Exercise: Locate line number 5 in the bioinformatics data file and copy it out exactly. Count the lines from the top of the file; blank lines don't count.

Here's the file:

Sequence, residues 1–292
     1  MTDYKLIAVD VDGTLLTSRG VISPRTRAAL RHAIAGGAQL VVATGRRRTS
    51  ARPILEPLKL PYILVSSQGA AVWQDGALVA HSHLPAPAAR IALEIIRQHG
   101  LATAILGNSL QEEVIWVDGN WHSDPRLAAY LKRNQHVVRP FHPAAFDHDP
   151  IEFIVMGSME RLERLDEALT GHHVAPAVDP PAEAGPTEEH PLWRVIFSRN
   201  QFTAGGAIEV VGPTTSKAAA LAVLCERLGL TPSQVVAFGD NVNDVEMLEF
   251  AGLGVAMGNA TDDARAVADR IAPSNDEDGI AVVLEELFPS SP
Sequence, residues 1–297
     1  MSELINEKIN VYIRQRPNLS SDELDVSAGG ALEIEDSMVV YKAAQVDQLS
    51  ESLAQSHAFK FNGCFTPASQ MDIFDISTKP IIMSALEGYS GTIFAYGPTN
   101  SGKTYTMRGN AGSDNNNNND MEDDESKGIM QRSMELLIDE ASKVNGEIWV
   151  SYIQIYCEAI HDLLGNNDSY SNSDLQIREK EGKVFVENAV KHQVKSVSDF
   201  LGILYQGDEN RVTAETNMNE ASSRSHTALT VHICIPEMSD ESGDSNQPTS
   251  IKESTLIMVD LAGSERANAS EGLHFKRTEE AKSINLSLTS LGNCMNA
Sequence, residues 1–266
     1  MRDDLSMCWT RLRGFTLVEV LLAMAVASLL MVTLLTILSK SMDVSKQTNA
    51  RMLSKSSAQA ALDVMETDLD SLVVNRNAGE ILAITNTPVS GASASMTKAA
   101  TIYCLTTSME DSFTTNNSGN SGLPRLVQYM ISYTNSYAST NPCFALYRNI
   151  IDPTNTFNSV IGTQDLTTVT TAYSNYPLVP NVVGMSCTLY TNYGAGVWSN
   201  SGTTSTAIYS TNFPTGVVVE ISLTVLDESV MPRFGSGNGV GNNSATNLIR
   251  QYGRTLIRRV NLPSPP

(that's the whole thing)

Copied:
   151  IEFIVMGSME RLERLDEALT GHHVAPAVDP PAEAGPTEEH PLWRVIFSRN